The Challenge of Wills for Second Marriages

gallery-thumbnailsBBH3M9HW

Divorced parents remarrying is perfectly normal and quite common. So you would think preparing a will would be straightforward, right? No, definitely not.

I have had more than a few conversations with people wanting to get their affairs in order and wanting to do a simple will. “Oh, I just want to leave everything to my spouse and then if my spouse dies I want it all to go to my kids”. This is perfect and definitely the way to go if the kids are both spouses’ children. Each parent has an equal moral and legal obligation so if they pass away, the kids’ interests are protected in this type of will.

In a second marriage situation, a parent is torn between leaving enough behind for their spouse’s ongoing needs and a wish to leave a legacy for their children. If the children are young there would also be a need to give them support until they are adults.

This is why it would be wrong to leave everything to your spouse if your kids are not also their kids. Discussions I have had with people are along the lines of “oh, Joe loves my kids as much as I do, I know he would look after them.” Um, well, he might be that way now, but what about if you aren’t there? There is nothing like money to get a family squabbling. Plus, after you’re gone, Joe’s relationship with your kids might be great for a few years but then as Joe gets on with his life they might drift.  Any gentle suggestions I make that perhaps Joe’s relationship with your kids might not stay as strong over time do not go over well, and mentioning that perhaps in a few years’ time Joe might wish to remarry and would place a priority to his new spouse rather than your kids also don’t make me popular.

Which is to say that by doing a will leaving everything to Joe in hopes that he will provide for your kids is downright negligent. That plan all might make perfect sense now, but over time he might not feel the same way about making sure your kids get the rest of estate you left to him. Or, he might live a very long time and spend it all, so there is nothing left for your kids.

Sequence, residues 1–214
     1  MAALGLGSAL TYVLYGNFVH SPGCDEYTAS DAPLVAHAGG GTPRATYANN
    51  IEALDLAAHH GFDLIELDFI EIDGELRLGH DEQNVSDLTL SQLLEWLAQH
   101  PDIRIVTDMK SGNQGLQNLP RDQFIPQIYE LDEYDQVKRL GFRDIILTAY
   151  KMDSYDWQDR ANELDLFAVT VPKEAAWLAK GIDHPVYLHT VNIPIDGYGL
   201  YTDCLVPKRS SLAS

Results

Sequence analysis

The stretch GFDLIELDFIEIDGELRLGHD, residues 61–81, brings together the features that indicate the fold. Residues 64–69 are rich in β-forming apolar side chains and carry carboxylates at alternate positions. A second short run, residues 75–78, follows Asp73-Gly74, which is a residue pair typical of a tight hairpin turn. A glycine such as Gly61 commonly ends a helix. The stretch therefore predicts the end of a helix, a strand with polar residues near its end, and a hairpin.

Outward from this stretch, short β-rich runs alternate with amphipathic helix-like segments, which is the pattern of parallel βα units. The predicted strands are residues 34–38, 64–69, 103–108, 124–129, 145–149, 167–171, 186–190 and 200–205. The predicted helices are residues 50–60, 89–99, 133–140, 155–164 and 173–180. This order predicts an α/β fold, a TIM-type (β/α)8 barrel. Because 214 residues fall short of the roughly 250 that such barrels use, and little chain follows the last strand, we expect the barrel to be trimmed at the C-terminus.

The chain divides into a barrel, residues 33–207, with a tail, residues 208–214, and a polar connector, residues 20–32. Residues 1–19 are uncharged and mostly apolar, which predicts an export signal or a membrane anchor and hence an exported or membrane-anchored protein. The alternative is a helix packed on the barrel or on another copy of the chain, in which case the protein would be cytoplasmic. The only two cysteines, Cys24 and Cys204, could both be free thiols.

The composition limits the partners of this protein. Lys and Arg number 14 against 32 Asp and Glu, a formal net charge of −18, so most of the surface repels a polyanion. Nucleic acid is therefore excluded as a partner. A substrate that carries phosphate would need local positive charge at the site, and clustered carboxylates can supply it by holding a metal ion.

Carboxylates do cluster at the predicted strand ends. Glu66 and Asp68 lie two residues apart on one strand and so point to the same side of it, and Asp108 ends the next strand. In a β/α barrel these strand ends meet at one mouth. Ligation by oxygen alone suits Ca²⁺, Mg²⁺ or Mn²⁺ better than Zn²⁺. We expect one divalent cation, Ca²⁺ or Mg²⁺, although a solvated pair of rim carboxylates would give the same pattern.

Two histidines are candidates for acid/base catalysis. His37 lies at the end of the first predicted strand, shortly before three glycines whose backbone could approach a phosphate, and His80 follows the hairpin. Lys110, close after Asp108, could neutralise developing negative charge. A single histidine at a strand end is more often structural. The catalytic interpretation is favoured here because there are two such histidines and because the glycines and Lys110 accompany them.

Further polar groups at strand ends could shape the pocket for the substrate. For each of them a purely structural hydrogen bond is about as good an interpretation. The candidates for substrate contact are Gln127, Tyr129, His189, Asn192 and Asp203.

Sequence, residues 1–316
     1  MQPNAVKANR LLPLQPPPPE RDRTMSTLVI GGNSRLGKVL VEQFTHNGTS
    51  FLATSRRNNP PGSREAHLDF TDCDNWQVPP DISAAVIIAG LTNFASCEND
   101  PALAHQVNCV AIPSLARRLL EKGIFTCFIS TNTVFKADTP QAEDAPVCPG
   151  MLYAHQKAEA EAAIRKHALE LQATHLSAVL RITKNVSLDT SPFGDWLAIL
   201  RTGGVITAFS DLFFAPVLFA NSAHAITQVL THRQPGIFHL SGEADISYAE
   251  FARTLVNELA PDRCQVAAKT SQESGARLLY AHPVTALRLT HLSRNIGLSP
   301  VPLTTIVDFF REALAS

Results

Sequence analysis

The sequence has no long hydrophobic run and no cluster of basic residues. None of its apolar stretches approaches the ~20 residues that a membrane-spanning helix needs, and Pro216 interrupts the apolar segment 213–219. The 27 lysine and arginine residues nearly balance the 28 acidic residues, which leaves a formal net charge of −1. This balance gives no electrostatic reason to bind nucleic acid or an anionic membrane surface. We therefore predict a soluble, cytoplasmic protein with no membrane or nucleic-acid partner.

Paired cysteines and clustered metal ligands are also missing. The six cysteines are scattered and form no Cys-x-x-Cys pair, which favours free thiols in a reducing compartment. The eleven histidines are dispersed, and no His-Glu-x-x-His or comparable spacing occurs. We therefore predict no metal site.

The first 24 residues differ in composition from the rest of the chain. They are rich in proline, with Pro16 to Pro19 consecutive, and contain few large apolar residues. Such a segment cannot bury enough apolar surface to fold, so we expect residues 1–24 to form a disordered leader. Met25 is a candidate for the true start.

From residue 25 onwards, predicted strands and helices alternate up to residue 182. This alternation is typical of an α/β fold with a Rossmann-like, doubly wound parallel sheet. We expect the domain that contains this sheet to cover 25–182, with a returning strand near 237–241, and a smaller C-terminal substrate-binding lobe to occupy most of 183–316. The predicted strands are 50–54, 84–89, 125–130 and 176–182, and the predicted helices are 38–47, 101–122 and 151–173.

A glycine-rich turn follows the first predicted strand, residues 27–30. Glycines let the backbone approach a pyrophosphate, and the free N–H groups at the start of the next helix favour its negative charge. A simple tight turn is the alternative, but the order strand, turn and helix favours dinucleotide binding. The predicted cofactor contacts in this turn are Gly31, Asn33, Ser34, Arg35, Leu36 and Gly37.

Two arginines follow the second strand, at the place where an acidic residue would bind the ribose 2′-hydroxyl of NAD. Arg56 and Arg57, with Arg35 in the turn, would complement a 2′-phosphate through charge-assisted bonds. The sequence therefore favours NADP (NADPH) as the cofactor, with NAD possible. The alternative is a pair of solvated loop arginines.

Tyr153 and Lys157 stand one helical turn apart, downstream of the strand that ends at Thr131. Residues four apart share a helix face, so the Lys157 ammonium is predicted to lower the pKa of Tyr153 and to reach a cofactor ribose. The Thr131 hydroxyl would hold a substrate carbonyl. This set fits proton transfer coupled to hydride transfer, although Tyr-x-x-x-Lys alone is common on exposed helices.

This then leads to the challenge that a lot of us don’t have huge assets to make sure that our spouse is looked after and that there is also enough left for our kids. The whole estate might be enough for both if they live together, but to leave half the estate to a spouse and the other half to the kids might mean that the spouse is forced to sell the family home and move out, and might have a tough time supporting themselves.

Also, if a house is owned as joint tenants with the right of survivorship, then the surviving spouse gets the house, and the kids wouldn’t have a right to any of it. The surviving spouse would probably also get pension entitlements, and any joint bank accounts, which also means that there wouldn’t be a lot there for the kids if they were to get half the assets in the will.

There are no easy answers to this. Sometimes this can be addressed through the use of life insurance and trusts to make sure that everyone is looked after, but this takes time and careful planning – but is far better than just going ahead with a simple will.

See also my previous post about what happens if you die without a will.

Disclaimer: This is not meant to constitute legal advice. I highly recommend speaking to a legal professional about your specific circumstances.

Michelle

Leave a Reply

Your email address will not be published. Required fields are marked *